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Five takeaways from the Redskins' 29-20 loss against the Chiefs


Five takeaways from the Redskins' 29-20 loss against the Chiefs

KANSAS CITY—Here are my five takeaways from the Redskins 29-20 loss to the Chiefs

Too many mistakes—The Redskins just made too many mistakes to beat an undefeated team on the road. A series of penalties on the defense gave the Chiefs offense some life in the third and fourth quarters at critical times. Some dropped passes killed drives. And it may be unfair to call the incompletion at the end of the game a Josh Doctson drop but he could have had it. 

Defense could not get off the field—To be clear, the Chiefs were not successful solely due to Redskins mistakes. Alex Smith found Travis Kelce for a number of key plays. After running for just 24 yards in the first half he started to gash the defense as the second half wore on. The mistakes compounded the problem but the defense didn't communicate well with some inexperienced players on the field. 


Kirk Cousins executed clutch drives but some had missed passes Kirk Cousins put up some numbers and he made some huge plays running the ball, especially near the end. You would like to see your franchise quarterback be able to pull out a win on the road like this. And maybe if Doctson holds on to that pass or if the defense commits one or two fewer ill-timed penalties, he does. But he had two big-time clutch drives, the one in the third quarter featuring the long pass to Vernon Davis right after the Chiefs took the lead for the first time and the one that tied the game late. The result is what it is but it’s fair to say that Cousins had them in a position to win.

Injuries lead to mistakes—The Redskins defense had to put some inexperienced players on the field and that is part of what cost them on defense. Nobody is going to send the Redskins a sympathy card for being banged up. Also, none of the injuries appear to be long term issue. Josh Norman's broken rib was the worst and he could be back for the Eagles game in three weeks. 


An improving team—A loss is a loss and this game still goes on the bad side of Washington's ugly Monday ledger. But the way they played in a hostile environment shows that the Redskins are getting better. The offensive line kept Cousins from being sacked, they didn’t have a holding penalty and in the loudest stadium in the NFL they did not get called for a single false start. As noted, the defense made its share of mistakes but they played physical football and held the Chiefs, who ranked third in the NFL in scoring coming into the game, to 23 points. Fans should be encouraged as the team goes into the bye at 2-2.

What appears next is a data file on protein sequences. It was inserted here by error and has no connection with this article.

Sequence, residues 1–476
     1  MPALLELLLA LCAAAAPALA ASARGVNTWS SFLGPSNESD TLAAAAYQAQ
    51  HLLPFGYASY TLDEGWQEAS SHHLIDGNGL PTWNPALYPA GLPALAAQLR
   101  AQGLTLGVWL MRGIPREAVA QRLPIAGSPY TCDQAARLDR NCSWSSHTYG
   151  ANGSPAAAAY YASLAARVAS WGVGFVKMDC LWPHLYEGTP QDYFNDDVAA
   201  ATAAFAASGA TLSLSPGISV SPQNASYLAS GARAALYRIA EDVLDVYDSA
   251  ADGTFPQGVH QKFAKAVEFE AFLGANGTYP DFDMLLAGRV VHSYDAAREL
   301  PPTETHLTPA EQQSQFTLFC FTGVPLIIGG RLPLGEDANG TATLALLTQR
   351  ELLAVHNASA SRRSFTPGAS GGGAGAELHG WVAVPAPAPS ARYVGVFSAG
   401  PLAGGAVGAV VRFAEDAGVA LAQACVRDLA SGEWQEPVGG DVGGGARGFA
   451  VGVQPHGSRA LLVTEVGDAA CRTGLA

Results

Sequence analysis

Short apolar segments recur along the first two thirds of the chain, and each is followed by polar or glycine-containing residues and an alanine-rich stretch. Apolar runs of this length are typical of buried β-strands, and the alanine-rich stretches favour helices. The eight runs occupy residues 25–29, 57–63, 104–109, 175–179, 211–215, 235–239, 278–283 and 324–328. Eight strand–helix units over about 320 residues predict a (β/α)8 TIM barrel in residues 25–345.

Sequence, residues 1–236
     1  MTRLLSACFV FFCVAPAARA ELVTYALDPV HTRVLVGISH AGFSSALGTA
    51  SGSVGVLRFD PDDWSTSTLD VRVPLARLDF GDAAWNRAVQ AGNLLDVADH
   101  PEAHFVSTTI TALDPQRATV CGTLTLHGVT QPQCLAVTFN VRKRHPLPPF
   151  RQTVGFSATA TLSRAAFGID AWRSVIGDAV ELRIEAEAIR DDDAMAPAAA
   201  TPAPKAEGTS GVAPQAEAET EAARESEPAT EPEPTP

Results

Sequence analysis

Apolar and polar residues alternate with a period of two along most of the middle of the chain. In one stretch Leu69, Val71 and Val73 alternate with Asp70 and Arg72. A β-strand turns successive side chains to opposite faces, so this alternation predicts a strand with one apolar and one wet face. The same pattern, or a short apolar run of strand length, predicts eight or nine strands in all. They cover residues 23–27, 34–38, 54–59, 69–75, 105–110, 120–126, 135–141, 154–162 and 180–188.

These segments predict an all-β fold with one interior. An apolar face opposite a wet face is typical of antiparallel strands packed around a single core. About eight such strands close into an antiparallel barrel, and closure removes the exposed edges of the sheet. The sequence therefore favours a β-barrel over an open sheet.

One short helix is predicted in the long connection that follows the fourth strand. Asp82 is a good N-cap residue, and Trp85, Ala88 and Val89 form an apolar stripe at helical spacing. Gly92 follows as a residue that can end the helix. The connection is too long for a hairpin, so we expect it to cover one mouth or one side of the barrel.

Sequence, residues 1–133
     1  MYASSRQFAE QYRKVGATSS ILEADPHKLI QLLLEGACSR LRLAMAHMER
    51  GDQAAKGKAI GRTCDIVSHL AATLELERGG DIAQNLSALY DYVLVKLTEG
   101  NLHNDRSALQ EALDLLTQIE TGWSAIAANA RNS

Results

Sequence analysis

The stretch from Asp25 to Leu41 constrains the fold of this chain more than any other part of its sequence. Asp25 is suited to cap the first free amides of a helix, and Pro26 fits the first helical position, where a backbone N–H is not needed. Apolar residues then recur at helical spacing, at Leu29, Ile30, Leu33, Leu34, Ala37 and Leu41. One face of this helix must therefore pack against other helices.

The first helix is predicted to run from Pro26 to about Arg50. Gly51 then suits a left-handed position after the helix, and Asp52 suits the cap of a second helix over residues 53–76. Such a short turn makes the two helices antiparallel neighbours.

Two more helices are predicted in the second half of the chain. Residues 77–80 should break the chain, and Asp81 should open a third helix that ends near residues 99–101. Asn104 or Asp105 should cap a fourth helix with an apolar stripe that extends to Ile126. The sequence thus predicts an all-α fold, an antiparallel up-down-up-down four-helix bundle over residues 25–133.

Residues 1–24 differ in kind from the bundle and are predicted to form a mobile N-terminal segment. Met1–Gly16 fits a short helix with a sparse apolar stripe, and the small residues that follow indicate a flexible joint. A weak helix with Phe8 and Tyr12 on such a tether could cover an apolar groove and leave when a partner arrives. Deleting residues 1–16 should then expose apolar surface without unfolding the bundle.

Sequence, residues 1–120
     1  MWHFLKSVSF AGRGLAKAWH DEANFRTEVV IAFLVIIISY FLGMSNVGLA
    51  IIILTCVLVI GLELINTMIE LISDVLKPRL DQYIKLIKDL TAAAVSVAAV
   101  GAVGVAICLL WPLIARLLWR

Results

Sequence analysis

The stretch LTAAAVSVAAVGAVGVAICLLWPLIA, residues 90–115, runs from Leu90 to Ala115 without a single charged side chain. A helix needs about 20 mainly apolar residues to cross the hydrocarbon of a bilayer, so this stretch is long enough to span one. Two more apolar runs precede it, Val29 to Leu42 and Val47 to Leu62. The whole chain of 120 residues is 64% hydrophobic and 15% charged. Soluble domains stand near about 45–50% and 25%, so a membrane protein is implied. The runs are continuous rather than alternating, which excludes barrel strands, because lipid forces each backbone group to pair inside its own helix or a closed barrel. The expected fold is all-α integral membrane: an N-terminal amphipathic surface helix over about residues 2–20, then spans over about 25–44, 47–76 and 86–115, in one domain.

Stay up to date on the Redskins. Rich Tandler covers the team 365 days a year. Like his Facebook page and follow him on Twitter @TandlerNBCS.

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Need to Know: Final thoughts on Redskins vs. Giants

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Need to Know: Final thoughts on Redskins vs. Giants

Here is what you need to know on this Thursday, November 23, seven days before the Washington Redskins play the Dallas Cowboys at AT&T Stadium.


Today’s schedule: Redskins Kickoff 7:30 NBC Sports Washington; Redskins vs. Giants, NBC, 8:30  

Days until:

—Redskins @ Cowboys Thursday night (11/30) 7
—Redskins @ Chargers (12/10) 17
—Cardinals @ Redskins (12/17) 24

Final thoughts on Redskins vs Giants

Look out for Eli—There are many reasons why the Giants are 2-8 but Eli Manning is not one of them. He isn’t nearly the turnover machine he has been for much of his career. His interception percentage this year is 1.6; he hasn’t been under 2.3 percent interceptions this decade. Manning only has 14 touchdown passes but considering that Odell Beckham, who went out in the fourth game of the season, still leads Giants wide receivers in touchdown receptions, that’s not bad.